• 19 pages on treasure, including a table of treasure types, which are referenced in monster entries, and a wealth of magic items.

In comparison, Holmes’s basic edition was just 48 pages. But Blueholme’s increased page count is not unreasonable given its expanded scope. And Blueholme generally does a nice job of revising and condensing Holmes’s prose while retaining its clarity.

Blueholme likely will not appeal to those who prefer AD&D to other editions. But for those who want a less complicated, more streamlined version of the game, Blueholme is a very good alternative. Class, spell, and monster descriptions are far more concise than those in AD&D. In general, Blueholme is better organized than its inspiration, not that Holmes’s basic edition was poorly organized.

Blueholme’s artwork is strong. Its cover depicts an adventuring party in a cavern gathered before a treasure chest and hoard; a dragon reminiscent of the one on the cover of Holmes’s basic edition lurks behind them in the shadows on the periphery of the party’s light source. Stylistically, the cover art melds old and new in a manner well suited to a restatement and expansion of an older edition of the game; its color scheme, which features gold and aquamarine hues, is appealing to the eye.

[Blueholme’s Cover Art]

The interior of the rulebook includes a lot of old-school style black-and-white artwork, including a really nice callback to the cover art by a different artist that depicts the adventurers in combat with the dragon amidst the treasure hoard. Some of the interior art might be considered too racy for younger readers:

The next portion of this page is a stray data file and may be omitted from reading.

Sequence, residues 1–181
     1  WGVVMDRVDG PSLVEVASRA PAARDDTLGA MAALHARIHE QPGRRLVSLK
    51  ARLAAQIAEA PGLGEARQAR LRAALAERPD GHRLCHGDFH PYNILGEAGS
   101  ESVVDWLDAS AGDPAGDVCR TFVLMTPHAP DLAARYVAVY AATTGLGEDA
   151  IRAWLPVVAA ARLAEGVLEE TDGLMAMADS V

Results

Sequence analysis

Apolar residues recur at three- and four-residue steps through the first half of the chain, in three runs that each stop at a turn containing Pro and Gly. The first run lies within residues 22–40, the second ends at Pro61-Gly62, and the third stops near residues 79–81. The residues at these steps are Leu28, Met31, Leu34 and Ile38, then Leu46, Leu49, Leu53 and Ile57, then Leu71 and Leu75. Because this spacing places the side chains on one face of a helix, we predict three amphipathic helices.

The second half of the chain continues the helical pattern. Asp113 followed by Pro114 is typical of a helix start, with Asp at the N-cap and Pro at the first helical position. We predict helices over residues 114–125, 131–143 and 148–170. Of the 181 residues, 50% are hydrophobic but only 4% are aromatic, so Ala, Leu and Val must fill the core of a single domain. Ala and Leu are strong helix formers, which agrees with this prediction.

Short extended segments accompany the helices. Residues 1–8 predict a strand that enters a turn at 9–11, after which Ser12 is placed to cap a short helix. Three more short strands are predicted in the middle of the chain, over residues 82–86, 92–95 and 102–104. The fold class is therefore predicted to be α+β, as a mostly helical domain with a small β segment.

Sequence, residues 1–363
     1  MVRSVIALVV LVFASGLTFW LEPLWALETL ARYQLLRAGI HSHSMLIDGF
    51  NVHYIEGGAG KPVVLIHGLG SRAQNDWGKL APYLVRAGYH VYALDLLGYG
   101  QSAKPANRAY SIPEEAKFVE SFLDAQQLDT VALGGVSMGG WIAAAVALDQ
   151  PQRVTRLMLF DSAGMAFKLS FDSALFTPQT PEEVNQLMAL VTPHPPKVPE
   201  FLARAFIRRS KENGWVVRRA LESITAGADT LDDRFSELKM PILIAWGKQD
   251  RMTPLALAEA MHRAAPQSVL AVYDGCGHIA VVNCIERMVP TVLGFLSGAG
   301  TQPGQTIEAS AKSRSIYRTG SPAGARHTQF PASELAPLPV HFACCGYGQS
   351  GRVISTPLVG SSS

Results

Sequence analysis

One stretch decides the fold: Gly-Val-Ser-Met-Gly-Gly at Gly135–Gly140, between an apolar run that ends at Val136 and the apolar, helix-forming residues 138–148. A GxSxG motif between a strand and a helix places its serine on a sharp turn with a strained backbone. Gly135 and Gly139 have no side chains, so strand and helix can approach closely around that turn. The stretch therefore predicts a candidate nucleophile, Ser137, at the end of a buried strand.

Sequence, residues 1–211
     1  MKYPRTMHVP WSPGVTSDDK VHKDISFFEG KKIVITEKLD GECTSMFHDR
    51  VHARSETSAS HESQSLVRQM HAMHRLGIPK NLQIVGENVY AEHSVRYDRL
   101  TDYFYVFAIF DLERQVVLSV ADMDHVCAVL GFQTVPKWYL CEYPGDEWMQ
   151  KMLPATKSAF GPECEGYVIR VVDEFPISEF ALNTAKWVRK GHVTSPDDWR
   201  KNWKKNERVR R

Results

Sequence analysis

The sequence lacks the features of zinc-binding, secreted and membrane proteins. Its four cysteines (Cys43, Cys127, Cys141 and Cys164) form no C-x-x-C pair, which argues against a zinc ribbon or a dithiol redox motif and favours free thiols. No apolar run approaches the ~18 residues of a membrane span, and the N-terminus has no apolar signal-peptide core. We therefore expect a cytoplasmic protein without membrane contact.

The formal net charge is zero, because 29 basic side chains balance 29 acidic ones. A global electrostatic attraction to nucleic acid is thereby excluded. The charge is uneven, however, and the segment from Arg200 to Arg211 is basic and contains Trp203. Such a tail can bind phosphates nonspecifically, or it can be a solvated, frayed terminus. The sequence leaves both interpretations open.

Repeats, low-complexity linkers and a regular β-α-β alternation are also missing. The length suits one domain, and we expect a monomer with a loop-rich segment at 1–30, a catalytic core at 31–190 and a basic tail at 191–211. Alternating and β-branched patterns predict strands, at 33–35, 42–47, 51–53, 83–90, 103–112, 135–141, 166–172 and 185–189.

• a sorceress with ample cleavage;
  • some bare-breasted water nymphs;
  • an amazon archer with exposed breasts;
  • a trio of saggy-titted harpies; and
  • a half-serpent woman who’s mislaid her blouse.

This is not inconsistent with Holmes’s basic edition, which included a buxom, bare-breasted harpy. Nor do I personally find this artwork objectionable (even for younger readers). But some might not care for such nudity or so much of it.

I’m not especially knowledgeable about Holmes’s basic edition (or other editions of the game for that matter); however, to my non-expert eyes, Blueholme appears to emulate its namesake well. A few interesting features traceable to Holmes’s basic edition that differ from at least some other editions of the game include:

  • a five-point alignment system: lawful good, chaotic good, neutral, chaotic evil, and lawful evil;
  • an initiative system that largely turns on the relative dexterity scores of the individual combatants, subject to the following attack sequence: spell-casting, missile weapons, and melee combat;
  • a combat round that is 10-seconds in duration (as opposed to OD&D’s and AD&D’s one-minute combat round);
  • simple rules for magic-users to create level-appropriate new spells and scrolls without first attaining several experience levels; and
  • good and evil clerics are limited to casting opposite versions of certain spells (e.g., cure light wounds for good clerics and deal light wounds for evil clerics).

Like the scroll-making mechanic for magic-users, Blueholme adds similarly simple rules allowing clerics to create holy water and healing potions.

At least one significant deviation from Holmes’s basic edition stands out. Holmes’s basic edition has specific rules as to the abilities of dwarves, elves, and halflings; it also limited the classes available to demi-humans. Blueholme leaves these racial abilities and class availability to the discretion of individual DMs. It does refer the reader to monster entries for demi-humans, which specify various racial abilities that could be applied to characters as well. But this is not the only place the racial abilities of demi-humans are discussed. Racial modifiers for several types of demi-humans regarding thieves’ abilities are included at the very beginning of the chapter on monsters, and some additional rules about elves and secret doors and dwarves and traps are included in an altogether different section of the rulebook. This leaves a bit to be desired in terms of organization.